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From The Chaplain's Desk
From The Chaplain's Desk: Reconciliation
 

By Charles Dimmick, CT State Grange Chaplain

  May 6, 2019 --

Comfort, comfort my people,

says your God.

Speak tenderly to Jerusalem,

and proclaim to her

that her hard service has been

completed,

that her sin has been paid for,

that she has received from

the Lord’s hand double

for all her sins.

Isaiah 40

These words are spoken by God through the prophet to the Israelites who have been exiled in Babylon and are now prepared to return home to Israel. They are words of reconciliation, Nebuchadnezzar had destroyed Jerusalem around 597 BC and carried away captive to Babylon all the leaders and important families among the Israelites. Sixty years later the Persians conquered Babylon and the Persian rulers allowed the Jews to return and rebuild Jerusalem. According to the prophets God had used Babylon as his agent of judgment against Israel because of their sins. And now the prophet announces that their sins have been “paid for”, and God wants to reconcile the people to him.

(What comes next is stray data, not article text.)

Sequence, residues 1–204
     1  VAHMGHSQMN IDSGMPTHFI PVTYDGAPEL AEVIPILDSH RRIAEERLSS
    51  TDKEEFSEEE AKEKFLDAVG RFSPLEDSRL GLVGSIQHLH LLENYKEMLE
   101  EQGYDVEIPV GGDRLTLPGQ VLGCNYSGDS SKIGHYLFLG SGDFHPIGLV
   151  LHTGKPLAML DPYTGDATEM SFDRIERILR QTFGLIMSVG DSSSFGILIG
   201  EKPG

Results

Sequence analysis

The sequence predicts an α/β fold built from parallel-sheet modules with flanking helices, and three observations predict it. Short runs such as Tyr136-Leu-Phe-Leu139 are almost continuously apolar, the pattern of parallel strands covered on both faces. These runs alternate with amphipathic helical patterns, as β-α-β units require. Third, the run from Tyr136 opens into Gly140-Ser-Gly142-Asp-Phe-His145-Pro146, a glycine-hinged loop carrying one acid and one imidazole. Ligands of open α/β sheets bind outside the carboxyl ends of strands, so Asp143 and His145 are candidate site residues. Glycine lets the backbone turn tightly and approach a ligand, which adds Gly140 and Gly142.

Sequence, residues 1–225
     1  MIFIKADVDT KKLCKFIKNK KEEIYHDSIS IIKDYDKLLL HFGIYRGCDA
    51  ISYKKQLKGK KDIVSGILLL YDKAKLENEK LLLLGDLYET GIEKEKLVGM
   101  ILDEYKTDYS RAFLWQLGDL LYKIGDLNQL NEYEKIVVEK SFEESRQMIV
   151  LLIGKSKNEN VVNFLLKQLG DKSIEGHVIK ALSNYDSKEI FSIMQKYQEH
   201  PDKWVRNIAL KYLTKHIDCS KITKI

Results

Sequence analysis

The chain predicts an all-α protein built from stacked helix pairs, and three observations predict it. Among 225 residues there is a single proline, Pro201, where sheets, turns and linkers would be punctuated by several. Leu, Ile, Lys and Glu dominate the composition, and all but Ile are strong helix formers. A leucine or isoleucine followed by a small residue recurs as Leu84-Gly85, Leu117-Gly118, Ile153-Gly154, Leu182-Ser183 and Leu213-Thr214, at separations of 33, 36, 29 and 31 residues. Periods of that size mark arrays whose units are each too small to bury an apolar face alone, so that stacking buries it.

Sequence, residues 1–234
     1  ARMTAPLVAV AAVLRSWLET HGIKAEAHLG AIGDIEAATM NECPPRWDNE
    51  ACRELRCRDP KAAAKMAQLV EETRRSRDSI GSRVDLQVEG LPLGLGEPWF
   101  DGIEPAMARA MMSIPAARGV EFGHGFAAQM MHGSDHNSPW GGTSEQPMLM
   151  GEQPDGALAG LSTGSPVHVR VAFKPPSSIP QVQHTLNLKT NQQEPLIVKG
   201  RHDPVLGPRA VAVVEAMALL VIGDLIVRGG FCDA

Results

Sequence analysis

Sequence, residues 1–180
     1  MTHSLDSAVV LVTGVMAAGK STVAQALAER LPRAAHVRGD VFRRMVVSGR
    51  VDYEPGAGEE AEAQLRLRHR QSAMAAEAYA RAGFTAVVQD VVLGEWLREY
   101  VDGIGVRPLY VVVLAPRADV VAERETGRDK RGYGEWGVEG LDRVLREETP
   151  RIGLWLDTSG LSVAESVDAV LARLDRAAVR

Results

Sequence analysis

The theme of reconciliation occurs many times in the Bible, in both the Old and New Testaments. In Hebrew the word used is “Kaphar” [pronounced with a long “a” so that one would say “Kah-phar’] The word “Kippur”, as in “Yom Kippur”, the day of atonement is closely related to it. In fact, in some contexts the two words are interchangeable. Think of it as “at one ment”, It is an elimination of any barriers that might have existed between any two persons or between a person and God, by one party asking forgiveness for wrongs, and the other party granting forgiveness and, in essence, “wiping the slate clean”.

Perhaps the most well-known example of reconciliation in the Bible is found in Jesus’ parable of the prodigal son, found in the 15th chapter of Luke. The younger son takes his inheritance, travels to a distant land, falls into evil ways, and squanders his inheritance. Realizing that he has run out of luck he returns home, planning to grovel before his father, claim repentance, and ask for forgiveness. But before he has gotten near enough to put his plan into action his father sees him from afar, runs and puts his arms around him, and welcomes him home. Reconciliation comes even before a chance to voice repentance. The message for us is that our Father in Heaven is always waiting to reconcile us to him as soon as we present an opportunity.

 

 
 
 

 
     
     
       
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